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By Chris McLaughlin & Richard Wilson BBC Scotland

 

Rangers were 48 hours from going into administration until a £2m loan was agreed with Mike Ashley, according to one senior Ibrox source.

 

Prospective administrators had been contacted by the Ibrox club.

 

Newcastle owner Ashley put forward a financial package, which includes the option of a new share issue, on Friday and it was agreed on Saturday morning.

 

And, as part of the agreement, chief executive Graham Wallace will follow director Philip Nash in stepping down.

 

The arrangement could be finalised early next week.

 

English businessman Ashley, who owns 8.29% of the Glasgow club's shares, had called for the removal of Nash and Wallace as part of his offer.

 

Under Scottish FA agreement Ashley is not allowed boardroom influence or a shareholding of more than 10%.

 

But his possible underwriting of a share issue could take his stake above that threshold if there is not enough buy-in from other investors. An alternative option could be further loans.

 

The SFA plan to write Rangers next week seeking clarification on the loan agreement with Ashley.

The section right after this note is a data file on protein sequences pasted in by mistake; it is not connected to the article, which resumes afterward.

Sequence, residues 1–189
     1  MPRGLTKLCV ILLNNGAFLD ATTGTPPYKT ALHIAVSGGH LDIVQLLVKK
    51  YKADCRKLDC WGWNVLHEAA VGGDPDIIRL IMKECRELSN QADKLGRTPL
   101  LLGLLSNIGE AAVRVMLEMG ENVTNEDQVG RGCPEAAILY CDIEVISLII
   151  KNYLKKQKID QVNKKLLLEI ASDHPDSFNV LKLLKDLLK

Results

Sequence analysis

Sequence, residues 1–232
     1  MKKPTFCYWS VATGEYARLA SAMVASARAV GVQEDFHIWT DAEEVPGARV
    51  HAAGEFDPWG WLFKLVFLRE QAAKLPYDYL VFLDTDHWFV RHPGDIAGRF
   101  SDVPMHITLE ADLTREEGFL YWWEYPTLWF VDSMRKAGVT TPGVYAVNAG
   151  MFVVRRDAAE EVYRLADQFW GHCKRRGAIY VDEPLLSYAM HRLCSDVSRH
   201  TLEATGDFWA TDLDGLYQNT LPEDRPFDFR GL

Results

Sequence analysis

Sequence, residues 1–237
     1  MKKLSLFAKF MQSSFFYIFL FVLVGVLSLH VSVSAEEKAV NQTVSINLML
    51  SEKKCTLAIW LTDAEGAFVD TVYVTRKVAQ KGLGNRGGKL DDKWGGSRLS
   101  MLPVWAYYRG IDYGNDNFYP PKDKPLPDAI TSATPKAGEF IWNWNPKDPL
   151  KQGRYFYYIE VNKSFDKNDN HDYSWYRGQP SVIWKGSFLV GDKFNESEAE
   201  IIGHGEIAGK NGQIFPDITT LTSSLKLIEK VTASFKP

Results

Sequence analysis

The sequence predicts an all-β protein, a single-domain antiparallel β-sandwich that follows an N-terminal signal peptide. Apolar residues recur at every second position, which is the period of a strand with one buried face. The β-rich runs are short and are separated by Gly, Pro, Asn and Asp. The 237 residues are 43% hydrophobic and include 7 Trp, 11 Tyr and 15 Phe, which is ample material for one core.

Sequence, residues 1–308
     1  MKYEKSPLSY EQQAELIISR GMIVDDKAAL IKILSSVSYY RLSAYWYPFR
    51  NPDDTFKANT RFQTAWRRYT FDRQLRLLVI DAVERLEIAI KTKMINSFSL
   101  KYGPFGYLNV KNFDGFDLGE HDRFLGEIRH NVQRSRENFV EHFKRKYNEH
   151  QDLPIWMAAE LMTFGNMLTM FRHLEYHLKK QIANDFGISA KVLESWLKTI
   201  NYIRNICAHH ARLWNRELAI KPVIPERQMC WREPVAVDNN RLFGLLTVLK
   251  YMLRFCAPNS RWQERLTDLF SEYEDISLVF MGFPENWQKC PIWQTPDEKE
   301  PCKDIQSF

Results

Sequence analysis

Rangers need a financial injection to cover wages beyond November and Sale Sharks owner Brian Kennedy became a surprise latecomer in the battle for control with a funding package offer of his own.

 

In response to the news that Ashley's offer had been accepted by the board, Kennedy said he was "disappointed for Rangers" but would not be commenting further.

 

Former director Dave King had also offered fresh funding to Rangers but could not agree a deal following talks with key shareholder Sandy Easdale and the board.

 

Before returning to his South African business base on Thursday, King issued a statement saying that his group's offer remained on the table and that he was hopeful it would be accepted.

 

Ashley, who already has control of Rangers' shirt sales and retail division and owns the naming rights for Ibrox Stadium, refused to back King's proposal.

 

Sandy Easdale, who controls a 26% block of shares, also declined to agree to King's proposals.

 

While Ashley is demanding two representatives on the board, King also wanted to choose its chairman.

 

Nash, the former Arsenal and Liverpool executive, had been employed as a financial consultant by Rangers before joining the board in July.

 

Wallace, currently on a family holiday in Greece, and Nash had been supportive of the bid by King's group, which includes fellow Scottish businessmen George Letham and Paul Murray.

 

http://www.bbc.co.uk/sport/0/football/29761396

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Note how the BBC have the joint byline after the DK statement, which they didn't fully reproduce or supply a link for. The shortened version being without the DK criticism for journalists.

 

I think the STV didn't mention the journo/media criticism as well.

 

Not a surprise all in all.

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